Addressing the bittersweet reality of Scotland's decrease in drug-related deaths, writes Annemarie Ward

22 August 2023, 10:58

Addressing the bittersweet reality of Scotland's decrease in drug-related deaths, writes Annemarie Ward
Addressing the bittersweet reality of Scotland's decrease in drug-related deaths, writes Annemarie Ward. Picture: LBC/Alamy

By Annemarie Ward

  • Annemarie is the CEO of Faces and Voices of Recovery UK a UK-wide charitable think tank & human rights advocacy service led by people with living and lived experience of alcohol and other drugs representing the voices of communities affected by addiction.

Scotland's recent decline in drug-related deaths, from a peak of 1,264 in 2019 to 1,051 in 2022, might initially seem like a cause for celebration.

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However, a closer examination reveals a stark truth: while the numbers have dropped, the situation remains dire and far from satisfactory.

The sobering fact that Scotland's drug-related death rate is still three times higher than that of England and a staggering 15 times higher than the European average raises significant concerns.

It's essential to recognise that a decrease in deaths is not synonymous with achievement when the baseline is already a deeply troubling statistic.

One might wonder why Scotland, with some of the best harm reduction interventions globally and a workforce rich in addiction expertise, continues to grapple with such staggering numbers.

The answer lies in the complex interplay of multiple factors, including the lack of a robust recovery-focused approach. While harm reduction strategies have been beneficial in reducing immediate harm, the focus on facilitating long-term recovery remains insufficient.

One striking aspect is the stark disparity between addiction experts and recovery experts on the ground and in leadership positions. This imbalance impacts the overall treatment landscape, as addiction experts may primarily focus on managing the immediate effects, leaving recovery and rehabilitation underrepresented.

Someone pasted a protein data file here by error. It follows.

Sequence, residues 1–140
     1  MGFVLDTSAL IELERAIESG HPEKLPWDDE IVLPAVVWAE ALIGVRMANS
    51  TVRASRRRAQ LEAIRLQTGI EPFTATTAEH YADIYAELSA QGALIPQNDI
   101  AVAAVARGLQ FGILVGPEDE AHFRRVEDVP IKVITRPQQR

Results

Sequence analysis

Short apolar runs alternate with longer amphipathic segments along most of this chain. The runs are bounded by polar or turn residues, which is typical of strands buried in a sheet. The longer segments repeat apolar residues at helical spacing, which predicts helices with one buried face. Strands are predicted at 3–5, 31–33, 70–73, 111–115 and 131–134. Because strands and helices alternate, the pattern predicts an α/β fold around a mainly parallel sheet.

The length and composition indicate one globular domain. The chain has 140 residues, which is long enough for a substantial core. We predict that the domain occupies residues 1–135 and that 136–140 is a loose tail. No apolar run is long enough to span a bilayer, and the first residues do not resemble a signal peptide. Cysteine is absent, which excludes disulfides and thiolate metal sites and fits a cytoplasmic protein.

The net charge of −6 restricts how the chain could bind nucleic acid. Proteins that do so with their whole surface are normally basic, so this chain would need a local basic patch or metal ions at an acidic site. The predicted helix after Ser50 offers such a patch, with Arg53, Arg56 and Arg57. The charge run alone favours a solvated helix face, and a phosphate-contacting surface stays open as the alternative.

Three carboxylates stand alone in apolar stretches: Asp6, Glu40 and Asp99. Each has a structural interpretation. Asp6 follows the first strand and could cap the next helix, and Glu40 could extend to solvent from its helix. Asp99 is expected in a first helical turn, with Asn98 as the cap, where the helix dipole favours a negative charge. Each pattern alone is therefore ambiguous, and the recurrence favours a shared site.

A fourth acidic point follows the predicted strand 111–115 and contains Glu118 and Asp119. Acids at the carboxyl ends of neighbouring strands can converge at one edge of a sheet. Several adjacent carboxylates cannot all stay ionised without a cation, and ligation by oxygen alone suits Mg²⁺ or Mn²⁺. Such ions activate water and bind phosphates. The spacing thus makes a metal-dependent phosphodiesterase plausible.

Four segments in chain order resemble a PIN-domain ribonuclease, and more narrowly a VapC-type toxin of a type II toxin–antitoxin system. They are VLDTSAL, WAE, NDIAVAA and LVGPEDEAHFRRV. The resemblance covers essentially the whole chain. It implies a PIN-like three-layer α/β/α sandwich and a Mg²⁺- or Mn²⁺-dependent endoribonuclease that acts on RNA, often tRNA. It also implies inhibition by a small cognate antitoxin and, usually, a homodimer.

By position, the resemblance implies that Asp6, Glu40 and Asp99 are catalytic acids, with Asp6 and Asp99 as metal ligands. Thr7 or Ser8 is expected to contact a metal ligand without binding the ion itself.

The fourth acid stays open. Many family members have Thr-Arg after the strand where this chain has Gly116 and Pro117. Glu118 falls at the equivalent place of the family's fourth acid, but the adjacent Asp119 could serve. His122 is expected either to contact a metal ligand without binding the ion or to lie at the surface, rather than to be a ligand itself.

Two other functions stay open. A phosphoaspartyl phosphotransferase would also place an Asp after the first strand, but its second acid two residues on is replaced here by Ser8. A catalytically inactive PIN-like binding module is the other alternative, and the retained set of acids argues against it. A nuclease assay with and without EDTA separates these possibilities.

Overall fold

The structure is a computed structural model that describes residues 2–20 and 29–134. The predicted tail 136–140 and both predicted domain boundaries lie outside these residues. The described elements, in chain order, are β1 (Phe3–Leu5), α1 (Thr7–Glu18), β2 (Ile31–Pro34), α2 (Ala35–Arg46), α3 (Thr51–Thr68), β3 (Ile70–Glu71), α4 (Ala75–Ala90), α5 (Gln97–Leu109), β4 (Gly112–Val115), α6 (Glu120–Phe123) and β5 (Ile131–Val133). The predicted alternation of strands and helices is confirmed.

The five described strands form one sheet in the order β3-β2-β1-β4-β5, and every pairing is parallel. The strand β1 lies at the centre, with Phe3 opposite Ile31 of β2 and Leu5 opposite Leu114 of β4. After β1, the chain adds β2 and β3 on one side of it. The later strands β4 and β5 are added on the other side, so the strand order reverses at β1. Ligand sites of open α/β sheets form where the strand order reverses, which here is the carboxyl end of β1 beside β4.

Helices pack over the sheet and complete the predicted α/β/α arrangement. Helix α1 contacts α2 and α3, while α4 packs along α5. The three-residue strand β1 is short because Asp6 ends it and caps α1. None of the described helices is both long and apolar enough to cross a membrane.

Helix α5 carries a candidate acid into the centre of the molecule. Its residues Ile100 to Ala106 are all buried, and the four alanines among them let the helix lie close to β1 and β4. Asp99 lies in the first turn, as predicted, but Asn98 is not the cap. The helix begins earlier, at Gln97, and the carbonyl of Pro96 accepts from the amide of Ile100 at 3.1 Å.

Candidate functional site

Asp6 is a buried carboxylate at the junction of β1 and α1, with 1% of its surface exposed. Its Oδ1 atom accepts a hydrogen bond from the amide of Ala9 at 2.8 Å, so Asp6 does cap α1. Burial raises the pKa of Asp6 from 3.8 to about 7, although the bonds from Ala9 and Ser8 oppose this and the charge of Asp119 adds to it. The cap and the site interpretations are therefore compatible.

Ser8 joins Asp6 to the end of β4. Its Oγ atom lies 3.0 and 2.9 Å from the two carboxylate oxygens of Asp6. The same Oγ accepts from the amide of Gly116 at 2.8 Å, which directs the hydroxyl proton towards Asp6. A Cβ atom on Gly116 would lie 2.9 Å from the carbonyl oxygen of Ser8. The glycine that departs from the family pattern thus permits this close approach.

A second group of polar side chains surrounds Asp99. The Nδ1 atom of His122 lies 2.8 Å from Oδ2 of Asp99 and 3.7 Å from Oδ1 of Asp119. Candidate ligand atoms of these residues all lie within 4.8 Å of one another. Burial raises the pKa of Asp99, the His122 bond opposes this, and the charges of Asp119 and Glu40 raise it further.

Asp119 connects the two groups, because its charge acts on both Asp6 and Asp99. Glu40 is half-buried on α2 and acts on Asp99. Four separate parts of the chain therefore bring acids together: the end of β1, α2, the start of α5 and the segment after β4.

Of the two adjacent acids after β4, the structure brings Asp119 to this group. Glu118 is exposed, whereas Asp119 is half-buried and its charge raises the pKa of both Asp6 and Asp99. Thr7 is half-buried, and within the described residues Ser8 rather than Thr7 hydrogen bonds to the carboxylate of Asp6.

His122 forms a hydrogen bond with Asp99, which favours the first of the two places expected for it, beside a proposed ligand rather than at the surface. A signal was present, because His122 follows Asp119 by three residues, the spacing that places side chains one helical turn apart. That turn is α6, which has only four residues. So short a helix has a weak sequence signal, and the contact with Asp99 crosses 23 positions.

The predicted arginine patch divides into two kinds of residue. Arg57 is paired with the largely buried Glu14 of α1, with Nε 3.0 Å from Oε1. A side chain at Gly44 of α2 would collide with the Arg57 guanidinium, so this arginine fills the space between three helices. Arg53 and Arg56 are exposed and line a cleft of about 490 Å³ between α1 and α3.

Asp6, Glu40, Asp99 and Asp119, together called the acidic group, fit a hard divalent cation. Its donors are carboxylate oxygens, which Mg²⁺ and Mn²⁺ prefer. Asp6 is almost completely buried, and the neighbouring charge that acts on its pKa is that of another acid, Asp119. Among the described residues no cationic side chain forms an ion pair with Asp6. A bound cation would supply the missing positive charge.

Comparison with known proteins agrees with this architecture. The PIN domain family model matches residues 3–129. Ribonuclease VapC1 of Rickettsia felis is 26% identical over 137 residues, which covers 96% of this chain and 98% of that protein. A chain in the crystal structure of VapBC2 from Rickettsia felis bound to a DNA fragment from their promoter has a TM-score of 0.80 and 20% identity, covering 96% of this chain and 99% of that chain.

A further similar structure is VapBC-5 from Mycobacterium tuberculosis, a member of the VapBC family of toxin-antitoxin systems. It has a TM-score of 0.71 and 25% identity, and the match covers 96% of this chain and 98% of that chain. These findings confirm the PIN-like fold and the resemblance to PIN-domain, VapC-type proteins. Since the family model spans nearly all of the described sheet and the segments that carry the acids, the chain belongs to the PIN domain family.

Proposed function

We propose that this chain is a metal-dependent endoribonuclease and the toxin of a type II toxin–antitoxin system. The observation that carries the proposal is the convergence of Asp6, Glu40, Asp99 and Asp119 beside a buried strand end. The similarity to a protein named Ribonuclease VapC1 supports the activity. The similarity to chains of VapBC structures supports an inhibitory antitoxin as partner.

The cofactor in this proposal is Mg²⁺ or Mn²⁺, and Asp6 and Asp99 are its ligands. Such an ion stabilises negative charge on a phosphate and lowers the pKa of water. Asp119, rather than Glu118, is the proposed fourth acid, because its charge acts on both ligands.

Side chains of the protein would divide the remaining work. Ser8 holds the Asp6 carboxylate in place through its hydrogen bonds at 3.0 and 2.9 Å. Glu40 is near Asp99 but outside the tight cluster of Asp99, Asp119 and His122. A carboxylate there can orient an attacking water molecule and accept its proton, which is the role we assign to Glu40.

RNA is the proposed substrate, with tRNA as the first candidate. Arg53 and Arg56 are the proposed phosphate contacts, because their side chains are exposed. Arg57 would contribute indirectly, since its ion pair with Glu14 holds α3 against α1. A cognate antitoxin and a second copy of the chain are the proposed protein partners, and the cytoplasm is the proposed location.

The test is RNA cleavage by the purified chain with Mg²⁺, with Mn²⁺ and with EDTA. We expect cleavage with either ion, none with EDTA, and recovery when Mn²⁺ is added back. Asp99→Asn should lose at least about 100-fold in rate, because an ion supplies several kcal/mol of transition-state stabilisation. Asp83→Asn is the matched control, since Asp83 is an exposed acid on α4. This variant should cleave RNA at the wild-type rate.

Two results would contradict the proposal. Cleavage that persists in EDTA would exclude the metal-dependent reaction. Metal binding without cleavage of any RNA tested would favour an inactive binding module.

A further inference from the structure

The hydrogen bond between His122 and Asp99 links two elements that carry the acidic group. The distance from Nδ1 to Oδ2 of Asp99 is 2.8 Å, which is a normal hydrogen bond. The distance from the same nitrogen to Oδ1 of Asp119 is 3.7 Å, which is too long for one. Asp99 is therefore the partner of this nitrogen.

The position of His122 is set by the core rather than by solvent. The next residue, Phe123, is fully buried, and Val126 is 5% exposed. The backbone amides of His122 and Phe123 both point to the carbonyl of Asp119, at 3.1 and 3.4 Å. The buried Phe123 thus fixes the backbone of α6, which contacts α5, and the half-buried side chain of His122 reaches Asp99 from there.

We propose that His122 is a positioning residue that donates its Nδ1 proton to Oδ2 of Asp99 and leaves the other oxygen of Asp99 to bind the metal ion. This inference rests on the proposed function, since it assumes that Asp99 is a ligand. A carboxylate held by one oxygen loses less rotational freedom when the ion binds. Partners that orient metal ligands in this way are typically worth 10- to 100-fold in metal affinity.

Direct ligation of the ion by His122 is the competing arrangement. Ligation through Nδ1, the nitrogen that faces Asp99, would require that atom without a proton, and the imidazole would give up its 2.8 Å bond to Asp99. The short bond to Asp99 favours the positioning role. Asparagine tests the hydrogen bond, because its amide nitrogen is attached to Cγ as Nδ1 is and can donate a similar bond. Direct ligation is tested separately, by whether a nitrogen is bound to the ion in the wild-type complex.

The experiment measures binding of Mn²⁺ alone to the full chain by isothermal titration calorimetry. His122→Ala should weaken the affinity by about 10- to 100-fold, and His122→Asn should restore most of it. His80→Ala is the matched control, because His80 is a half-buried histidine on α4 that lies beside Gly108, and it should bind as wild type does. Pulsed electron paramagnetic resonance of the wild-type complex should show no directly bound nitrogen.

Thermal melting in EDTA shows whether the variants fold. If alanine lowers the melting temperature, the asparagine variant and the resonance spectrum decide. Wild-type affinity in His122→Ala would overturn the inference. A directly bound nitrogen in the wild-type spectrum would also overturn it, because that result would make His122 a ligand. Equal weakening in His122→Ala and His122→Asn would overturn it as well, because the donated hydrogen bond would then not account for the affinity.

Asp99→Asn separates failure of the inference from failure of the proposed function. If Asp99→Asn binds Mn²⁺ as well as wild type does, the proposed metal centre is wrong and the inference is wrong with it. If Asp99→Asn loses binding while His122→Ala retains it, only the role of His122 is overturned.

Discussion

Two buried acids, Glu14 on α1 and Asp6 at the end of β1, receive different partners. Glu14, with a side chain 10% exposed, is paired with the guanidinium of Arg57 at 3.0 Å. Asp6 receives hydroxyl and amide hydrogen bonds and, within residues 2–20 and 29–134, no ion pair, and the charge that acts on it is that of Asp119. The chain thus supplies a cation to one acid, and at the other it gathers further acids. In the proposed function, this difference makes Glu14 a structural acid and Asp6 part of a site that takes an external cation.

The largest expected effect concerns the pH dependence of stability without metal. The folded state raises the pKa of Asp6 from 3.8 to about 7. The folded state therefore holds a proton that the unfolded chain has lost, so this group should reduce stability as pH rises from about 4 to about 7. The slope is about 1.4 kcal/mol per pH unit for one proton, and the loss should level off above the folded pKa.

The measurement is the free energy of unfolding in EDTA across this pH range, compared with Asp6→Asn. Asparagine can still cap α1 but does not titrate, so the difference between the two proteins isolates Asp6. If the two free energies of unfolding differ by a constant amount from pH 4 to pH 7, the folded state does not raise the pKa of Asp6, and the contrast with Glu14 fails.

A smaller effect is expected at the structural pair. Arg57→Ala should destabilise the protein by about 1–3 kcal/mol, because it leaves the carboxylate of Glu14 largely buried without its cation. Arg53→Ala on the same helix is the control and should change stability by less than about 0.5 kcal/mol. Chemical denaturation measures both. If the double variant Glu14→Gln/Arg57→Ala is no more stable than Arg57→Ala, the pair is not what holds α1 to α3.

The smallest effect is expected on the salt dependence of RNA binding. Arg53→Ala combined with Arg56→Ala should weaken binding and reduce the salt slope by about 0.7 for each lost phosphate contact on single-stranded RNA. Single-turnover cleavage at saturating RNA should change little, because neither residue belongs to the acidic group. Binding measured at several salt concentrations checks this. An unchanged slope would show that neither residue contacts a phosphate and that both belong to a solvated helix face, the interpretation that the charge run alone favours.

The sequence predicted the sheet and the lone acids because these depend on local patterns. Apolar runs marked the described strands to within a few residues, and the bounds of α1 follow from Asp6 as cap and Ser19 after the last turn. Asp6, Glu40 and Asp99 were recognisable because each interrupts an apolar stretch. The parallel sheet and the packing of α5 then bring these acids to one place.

Shifting the balance towards recovery-focused initiatives is crucial for addressing the root causes of addiction and providing holistic solutions.

Another critical facet is the dire reality of accessing residential rehab facilities in Scotland. Despite having exceptional harm reduction interventions and a knowledgeable workforce, the road to rehab remains an arduous journey.

The odds are alarmingly against individuals, as exemplified by Glasgow's case, where just one person out of every 6,565 registered with addiction services can access rehab.

This shocking statistic underscores the urgent need for comprehensive reform to make effective treatment accessible to all in need.

While harm reduction efforts are pivotal, a well-rounded approach should also involve robust recovery programmes. Residential rehab plays a crucial role in offering individuals a chance to break free from addiction's clutches and rebuild their lives.

The lack of accessible rehab facilities highlights a glaring gap in the treatment landscape.

In a society that strives for equality and inclusivity, the current scenario is far from acceptable. It's imperative for policymakers, healthcare providers, and society as a whole to come together to address these shortcomings.

Comprehensive reform is essential to ensure that recovery-focused initiatives receive equal attention, resources, and support.

As we analyse the decrease in drug-related deaths, we must tread the fine line between acknowledging progress and acknowledging the substantial challenges that persist.

A decrease from previous years, while a step in the right direction, is not an achievement when the starting point is an alarming rate of deaths.

Scotland holds the potential to lead the way in providing comprehensive addiction treatment that emphasises both harm reduction and recovery.

By bridging the gap between addiction expertise and recovery specialists, expanding access to residential and community rehab, and fostering a culture of holistic healing, we can pave the way for a brighter future—one where the decrease in drug-related deaths truly reflects the transformative impact of effective, accessible treatment for all.